Read again? Yes
Last book of the first trilogy in the 26-volume epic of Valdemar. Only 23 to go. Yes, I will keep count like this all the way through. If I am going to endure the entire series, you can endure a countdown. You can also buy me a Sobe when I'm done.
Another 12 years have passed, so now it's 22 years since the Cataclysm in which Urtho took out the evil Ma'ar, his great and final enemy, before snuffing it himself. The resulting explosion of mage-energy disrupted magic for nearly two decades afterward, and only recently has it returned to normal. The City of White Gryphon flourishes and is a valued ally to the Black Kings far to the south.
For this novel, Lackey changes her main point-of-view characters away from Skandranon and his contemporaries to their offspring Tadrith and Silverblade. "Tad" and "Blade" (Lackey just adores nicknaming everyone with shortsie versions of their names) are young and itching to get away from their famous parents. Tad is the very image of his father, the Black Gryphon. Blade is the very opposite of her father, Skan's old friend Amberdrake. Both of them are in the city's police and military force, the Silver Gryphons.
The two get their dream assignment, a posting to a far-off outpost for a few months--and for quite a few pages it's not clear how many months, bouncing from "3 months" to "6 months" and back. I'm guessing it's "six months," since it'll feel like I've been reading these books for that long by the time I'm done.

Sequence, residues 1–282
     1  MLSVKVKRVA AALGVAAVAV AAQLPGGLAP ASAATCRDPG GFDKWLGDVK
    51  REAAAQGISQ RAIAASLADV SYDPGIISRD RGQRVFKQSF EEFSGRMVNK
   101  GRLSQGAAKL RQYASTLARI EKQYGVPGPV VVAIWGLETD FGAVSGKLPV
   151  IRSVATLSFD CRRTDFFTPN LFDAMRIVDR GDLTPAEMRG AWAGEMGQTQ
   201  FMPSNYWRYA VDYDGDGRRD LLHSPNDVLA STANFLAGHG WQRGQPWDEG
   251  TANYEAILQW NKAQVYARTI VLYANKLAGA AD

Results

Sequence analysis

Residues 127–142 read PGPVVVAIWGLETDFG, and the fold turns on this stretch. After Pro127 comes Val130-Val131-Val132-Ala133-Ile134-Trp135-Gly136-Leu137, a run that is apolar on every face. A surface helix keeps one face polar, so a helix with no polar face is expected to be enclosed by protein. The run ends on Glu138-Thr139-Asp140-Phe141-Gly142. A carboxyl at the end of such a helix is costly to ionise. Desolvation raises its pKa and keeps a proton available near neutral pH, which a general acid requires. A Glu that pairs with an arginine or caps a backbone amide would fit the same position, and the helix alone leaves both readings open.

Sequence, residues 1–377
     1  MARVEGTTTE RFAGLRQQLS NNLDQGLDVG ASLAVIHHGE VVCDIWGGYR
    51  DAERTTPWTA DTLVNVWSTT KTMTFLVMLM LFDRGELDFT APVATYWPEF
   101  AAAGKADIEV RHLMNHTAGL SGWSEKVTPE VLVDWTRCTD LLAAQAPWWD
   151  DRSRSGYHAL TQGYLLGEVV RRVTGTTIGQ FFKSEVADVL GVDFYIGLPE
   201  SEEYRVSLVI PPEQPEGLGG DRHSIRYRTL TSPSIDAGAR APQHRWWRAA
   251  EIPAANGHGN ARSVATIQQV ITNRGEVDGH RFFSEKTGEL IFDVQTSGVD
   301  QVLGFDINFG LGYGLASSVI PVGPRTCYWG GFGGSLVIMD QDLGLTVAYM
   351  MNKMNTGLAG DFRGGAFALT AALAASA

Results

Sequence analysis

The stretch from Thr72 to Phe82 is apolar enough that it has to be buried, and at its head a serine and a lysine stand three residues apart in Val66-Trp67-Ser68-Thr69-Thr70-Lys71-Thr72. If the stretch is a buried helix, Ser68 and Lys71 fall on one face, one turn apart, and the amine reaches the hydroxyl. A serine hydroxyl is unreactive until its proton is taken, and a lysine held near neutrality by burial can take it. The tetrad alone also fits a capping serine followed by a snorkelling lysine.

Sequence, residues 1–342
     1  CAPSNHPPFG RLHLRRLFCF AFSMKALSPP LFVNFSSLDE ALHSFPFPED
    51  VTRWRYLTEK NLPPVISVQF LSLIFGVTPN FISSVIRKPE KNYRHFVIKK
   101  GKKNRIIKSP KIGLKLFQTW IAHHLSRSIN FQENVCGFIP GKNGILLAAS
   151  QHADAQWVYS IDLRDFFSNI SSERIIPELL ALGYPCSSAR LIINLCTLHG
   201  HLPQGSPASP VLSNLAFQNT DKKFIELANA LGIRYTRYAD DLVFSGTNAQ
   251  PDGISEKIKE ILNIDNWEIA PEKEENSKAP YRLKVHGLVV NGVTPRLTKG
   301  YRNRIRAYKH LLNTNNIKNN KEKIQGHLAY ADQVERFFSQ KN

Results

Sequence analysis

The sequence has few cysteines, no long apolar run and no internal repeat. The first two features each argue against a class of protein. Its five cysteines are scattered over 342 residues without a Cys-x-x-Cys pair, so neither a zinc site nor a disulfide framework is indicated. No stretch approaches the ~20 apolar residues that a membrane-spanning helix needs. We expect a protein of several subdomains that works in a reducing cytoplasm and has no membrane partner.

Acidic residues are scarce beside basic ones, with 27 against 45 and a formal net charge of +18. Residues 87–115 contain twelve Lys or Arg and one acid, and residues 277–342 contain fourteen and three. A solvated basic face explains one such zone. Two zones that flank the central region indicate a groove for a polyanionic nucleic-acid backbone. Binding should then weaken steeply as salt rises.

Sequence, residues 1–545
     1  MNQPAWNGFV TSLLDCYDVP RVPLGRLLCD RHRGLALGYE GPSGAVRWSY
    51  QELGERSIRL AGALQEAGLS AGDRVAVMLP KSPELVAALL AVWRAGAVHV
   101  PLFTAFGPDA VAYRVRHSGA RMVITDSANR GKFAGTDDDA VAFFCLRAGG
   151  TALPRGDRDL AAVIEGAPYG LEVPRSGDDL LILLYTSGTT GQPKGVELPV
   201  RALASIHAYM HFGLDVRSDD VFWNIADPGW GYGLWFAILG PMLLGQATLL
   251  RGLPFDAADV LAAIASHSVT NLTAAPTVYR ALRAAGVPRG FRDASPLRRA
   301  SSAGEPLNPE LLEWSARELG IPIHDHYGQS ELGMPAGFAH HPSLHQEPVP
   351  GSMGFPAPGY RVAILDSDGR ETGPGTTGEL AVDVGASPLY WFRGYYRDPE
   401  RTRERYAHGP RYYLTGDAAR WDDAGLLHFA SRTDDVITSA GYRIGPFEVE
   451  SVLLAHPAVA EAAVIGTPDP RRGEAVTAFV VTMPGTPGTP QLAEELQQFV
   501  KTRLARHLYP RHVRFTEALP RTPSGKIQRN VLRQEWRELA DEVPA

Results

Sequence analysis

Remember, these books are relationship-driven, so it takes nearly 100 pages for the story to get to Tad and Blade lifting off to fly to their assignment. The book doesn't seem to drag up to this point, so I can't really complain about taking a fourth of the book before things get going.
So they're on their way--and a mysterious magical force brings them down somewhere in the rainforest, both injured. The two are conveniently injured; that is, some bruises, cuts, abrasions, one broken wing for the gryphon, and a broken collarbone for the girl. Just enough to make things inconvenient for them, but convenient for the story. Not as annoying a plot convenience as the all-too-regular solar eclipse of "The White Gryphon." All their magic-powered items (including their communications equipment) are drained of power--and now they're being stalked by unseen predators. The rest of the book (about two-thirds) has them in "Man Vs. Wild" survival mode, living off the land and hiking to a safer camping spot to wait for rescue. They don't get a look at their stalkers until almost the end of the book. Most of the tension/suspense until then is of the fear-of-the-unseen sort. It's workable, but feels longish and draggish and let's-get-this-over-with-ish a good bit before it gets endish. Gotta take a pointish.
I finally came up with a description of Lackey's style while reading this book. Imagine the prissy See-Threepio droid from "Star Wars"; there would be just the right emphasis on filler-phrases such as "in no way."
Keenath (Tadrith's brother): Keeth.
Amberdrake (Silverblade's father): Drake.
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